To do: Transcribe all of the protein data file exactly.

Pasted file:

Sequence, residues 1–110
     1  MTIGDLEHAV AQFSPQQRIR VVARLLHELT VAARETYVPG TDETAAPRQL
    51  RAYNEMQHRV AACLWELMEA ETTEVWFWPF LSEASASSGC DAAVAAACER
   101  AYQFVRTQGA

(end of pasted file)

Sequence, residues 1–110
     1  MTIGDLEHAV AQFSPQQRIR VVARLLHELT VAARETYVPG TDETAAPRQL
    51  RAYNEMQHRV AACLWELMEA ETTEVWFWPF LSEASASSGC DAAVAAACER
   101  AYQFVRTQGA